How to Structure an Effective Group Meeting with an Elected Official
Quick answers to the most common questions we receive from clients and readers
Because of this blog and the outreach we conduct across a wide variety of industries, we receive a steady stream of questions, mostly via one-on-one conversations, but also via emails, phone calls, and in blog/social media comments.
One of the most common questions we receive relates to advocacy and lobbying elected officials and key-decision makers in government. Surprisingly, the questions usually focus on the talking points of the meeting, and after offering quick feedback, we usually ask the person how they plan on conducting the meeting. That's when we get one of two things:
Silence on the other end of the phone/table or
An answer that basically reiterates the talking points we just went over
Below is a method that we have used to help groups, especially trade associations and membership based organizations to successfully conduct a group visit with an elected official or key decision-maker.
In short, we normally advise these groups to set roles for each person in the group with each individual falling into one of these three categories: the "MC", the "Brains", and the "Closer." For groups with more than three people, we usually give that person a Brains role and split up the speaking time allotted between the two. Here's a brief summary of each role.
The role of the MC is to introduce the group, share the purpose and agenda of the meeting, and be the overall facilitator. The MC should introduce your organization (if applicable), briefly state the purpose of the meeting, and introduce the lobbying team. I highly recommend that the MC write out and practice prior to the meeting. Click here to review my recent post on how to improve public speaking skills.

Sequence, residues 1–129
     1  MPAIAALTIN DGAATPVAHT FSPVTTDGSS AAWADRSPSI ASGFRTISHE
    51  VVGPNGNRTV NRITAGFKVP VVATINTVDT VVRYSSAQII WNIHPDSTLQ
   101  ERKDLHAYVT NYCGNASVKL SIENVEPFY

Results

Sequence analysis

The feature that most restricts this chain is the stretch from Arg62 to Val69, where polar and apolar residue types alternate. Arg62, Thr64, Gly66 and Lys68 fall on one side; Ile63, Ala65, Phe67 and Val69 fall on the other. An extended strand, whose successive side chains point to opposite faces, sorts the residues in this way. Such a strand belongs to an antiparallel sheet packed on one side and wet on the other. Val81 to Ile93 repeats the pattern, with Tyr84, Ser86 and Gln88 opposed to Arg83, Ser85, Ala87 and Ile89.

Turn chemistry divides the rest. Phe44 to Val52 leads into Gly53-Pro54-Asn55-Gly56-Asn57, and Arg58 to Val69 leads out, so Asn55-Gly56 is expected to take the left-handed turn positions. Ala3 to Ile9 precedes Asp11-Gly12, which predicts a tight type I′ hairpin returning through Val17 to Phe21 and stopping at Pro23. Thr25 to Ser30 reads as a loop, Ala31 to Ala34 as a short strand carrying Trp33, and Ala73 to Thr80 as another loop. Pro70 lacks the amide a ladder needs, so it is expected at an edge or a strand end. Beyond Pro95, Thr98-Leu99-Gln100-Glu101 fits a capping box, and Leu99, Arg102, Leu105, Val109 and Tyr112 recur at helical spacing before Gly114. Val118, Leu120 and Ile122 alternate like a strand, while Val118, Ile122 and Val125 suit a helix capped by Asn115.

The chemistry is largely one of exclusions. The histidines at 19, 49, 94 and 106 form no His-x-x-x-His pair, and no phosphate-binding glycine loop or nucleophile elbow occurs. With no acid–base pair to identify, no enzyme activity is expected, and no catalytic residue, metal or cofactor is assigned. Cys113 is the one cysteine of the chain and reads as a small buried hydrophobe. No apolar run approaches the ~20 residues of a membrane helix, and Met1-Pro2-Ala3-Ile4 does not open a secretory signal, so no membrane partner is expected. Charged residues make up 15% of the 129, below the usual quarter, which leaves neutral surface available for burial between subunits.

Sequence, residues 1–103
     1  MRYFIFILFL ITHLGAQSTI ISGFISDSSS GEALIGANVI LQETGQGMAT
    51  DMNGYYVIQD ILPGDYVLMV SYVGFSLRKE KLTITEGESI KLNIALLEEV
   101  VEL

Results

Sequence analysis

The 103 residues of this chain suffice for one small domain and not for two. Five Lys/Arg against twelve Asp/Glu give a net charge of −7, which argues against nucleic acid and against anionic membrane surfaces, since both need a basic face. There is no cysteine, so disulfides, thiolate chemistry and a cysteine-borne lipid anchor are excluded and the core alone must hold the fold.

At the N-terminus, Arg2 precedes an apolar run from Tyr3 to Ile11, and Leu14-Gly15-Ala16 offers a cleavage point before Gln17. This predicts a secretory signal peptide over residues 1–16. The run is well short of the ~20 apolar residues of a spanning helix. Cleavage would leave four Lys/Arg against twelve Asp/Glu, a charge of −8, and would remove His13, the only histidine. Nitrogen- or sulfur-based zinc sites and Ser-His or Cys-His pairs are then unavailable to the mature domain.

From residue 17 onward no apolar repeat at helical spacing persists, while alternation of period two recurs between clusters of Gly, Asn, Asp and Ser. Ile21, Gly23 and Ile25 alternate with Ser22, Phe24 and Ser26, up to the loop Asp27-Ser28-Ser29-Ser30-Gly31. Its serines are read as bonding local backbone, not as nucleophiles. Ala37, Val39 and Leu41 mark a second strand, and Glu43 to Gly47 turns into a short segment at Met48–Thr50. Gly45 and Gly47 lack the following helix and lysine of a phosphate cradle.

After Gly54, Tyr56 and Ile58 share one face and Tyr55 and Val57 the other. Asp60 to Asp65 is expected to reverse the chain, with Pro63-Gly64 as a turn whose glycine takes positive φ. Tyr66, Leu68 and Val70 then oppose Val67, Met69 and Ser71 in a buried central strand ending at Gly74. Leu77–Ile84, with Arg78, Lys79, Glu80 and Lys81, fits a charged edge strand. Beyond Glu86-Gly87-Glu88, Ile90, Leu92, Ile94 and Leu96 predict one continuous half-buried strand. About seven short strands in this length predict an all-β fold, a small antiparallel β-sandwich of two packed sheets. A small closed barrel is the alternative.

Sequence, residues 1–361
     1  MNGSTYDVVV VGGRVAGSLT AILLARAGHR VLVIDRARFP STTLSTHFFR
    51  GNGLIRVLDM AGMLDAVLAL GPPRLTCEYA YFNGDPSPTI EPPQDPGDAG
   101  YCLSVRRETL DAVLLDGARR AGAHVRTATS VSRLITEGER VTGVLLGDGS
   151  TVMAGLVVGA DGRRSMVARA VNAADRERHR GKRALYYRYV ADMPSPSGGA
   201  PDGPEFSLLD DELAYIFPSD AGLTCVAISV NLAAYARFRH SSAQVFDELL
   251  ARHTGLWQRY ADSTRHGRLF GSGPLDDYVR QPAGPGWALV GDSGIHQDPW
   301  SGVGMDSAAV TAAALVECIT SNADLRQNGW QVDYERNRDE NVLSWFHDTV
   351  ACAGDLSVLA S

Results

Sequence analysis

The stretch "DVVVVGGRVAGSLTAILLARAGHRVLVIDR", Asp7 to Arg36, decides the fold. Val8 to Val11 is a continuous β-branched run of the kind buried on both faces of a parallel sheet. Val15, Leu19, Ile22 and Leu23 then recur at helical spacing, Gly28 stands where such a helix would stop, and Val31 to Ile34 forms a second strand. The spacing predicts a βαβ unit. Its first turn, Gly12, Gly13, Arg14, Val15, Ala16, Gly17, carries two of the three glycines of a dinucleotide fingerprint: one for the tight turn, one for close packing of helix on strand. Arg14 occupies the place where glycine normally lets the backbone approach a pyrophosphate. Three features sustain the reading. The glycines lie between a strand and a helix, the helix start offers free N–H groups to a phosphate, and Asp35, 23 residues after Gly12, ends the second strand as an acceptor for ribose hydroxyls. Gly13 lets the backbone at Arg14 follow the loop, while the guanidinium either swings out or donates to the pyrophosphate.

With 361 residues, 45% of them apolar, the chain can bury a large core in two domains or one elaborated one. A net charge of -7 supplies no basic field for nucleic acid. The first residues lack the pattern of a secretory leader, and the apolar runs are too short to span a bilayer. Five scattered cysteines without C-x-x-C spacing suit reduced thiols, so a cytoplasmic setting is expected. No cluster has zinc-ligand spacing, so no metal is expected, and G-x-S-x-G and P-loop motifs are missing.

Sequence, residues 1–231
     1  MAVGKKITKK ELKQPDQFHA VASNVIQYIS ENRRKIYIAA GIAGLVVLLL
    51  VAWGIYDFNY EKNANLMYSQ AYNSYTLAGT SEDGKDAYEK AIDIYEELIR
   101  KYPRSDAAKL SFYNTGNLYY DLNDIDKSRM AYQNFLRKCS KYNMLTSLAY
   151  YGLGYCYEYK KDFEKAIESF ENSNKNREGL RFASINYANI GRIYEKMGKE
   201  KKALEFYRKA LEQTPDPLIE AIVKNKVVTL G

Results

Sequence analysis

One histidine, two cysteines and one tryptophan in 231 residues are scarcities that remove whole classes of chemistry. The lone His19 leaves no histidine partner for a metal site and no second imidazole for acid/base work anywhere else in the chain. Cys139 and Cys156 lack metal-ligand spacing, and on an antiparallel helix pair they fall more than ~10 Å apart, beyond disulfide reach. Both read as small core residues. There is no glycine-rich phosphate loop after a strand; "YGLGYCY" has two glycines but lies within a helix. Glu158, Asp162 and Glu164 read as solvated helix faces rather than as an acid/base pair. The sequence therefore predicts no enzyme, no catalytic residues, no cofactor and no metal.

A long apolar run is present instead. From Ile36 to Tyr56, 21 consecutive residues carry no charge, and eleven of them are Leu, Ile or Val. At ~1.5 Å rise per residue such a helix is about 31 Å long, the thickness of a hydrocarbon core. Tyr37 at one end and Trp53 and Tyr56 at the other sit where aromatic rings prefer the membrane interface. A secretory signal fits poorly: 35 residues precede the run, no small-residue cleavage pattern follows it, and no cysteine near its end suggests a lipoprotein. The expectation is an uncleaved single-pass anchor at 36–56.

The role of the "Brains" is to share the team's story and the main talking points for the meeting. When developing your story and talking points, remember to succinctly share what you do, how long you have done it, why you do the work you do, and why it's important for the elected official or key-decision maker to know about it. In my experience leading over 100 lobbying teams and visits, people tend to overshare facts and statistics from the talking points, especially when they are unprepared or have not practiced writing out and sharing their story. At this point, I normally recommend that the person that will fill this role write out a brief summary of their story and 2-3 points max from the messaging document. This will serve as the talking points.
The role of the Closer is to make the “ask” and to get a commitment from the legislator or decision-maker to take a requested action. When closing, thank the elected official or staff person for taking the time to meet with you and for listening to your story, and ask for a commitment that will do whatever your ask is for that meeting. As you would for both the MC and Brains roles, write out your closing statement and practice it.
Any more questions? Send them to us.
What is your experience with lobbying elected officials?